This long hot summer has extended into the autumn hunting season

The advent of early autumn has been more visual than meteorological. The driest start to September for more than 50 years has given us a summer so Indian that we need the Ganges to cool off—the warm nights have been particularly disarming. As a reminder of nature’s cycle, the maples of the Canadian Memorial plantation along the A3 on the approach to the Hindhead tunnel are being licked by garish red streaks as their leaves turn.

When I woke at 4.45am to catch the horses for an autumn hunting morning, I wasn’t expecting such darkness—my head torch made little impact through the gloomy mist and it took me a while to locate Rocky, Timmy and Warrior, the green of their eyes suddenly glinting their whereabouts.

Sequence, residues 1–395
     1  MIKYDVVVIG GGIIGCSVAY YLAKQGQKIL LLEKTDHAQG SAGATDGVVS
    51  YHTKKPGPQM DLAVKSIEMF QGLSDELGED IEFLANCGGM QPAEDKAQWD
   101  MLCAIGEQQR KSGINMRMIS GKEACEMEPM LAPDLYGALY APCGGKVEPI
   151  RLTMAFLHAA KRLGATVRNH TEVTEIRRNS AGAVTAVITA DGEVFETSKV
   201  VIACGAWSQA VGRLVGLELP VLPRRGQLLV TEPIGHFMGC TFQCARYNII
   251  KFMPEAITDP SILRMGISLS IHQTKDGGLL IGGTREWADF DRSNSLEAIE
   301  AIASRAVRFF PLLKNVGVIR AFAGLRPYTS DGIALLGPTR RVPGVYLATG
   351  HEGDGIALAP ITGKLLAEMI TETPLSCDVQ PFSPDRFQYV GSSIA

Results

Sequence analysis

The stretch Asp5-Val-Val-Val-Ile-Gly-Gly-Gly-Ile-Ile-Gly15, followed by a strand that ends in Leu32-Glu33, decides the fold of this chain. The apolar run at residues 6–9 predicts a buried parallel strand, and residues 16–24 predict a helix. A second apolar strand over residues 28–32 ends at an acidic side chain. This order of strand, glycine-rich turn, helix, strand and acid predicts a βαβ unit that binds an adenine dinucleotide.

By the time we arrived at the meet, however, those who had opted for waistcoats under their ratcatcher were already beginning to regret it.

Likewise, at the Pony Club mini championships for under 12s at the immaculate showjumping arena at Coombelands, near Pulborough, West Sussex, the children’s grandparents were happy to spectate for six hours en plein air, Panamas rather than woolly hats being donned. We can’t stop Dylan Thomas’s ‘dying of the light’, but when the temperature changes, we have no right to rage against what has been an especially long summer.

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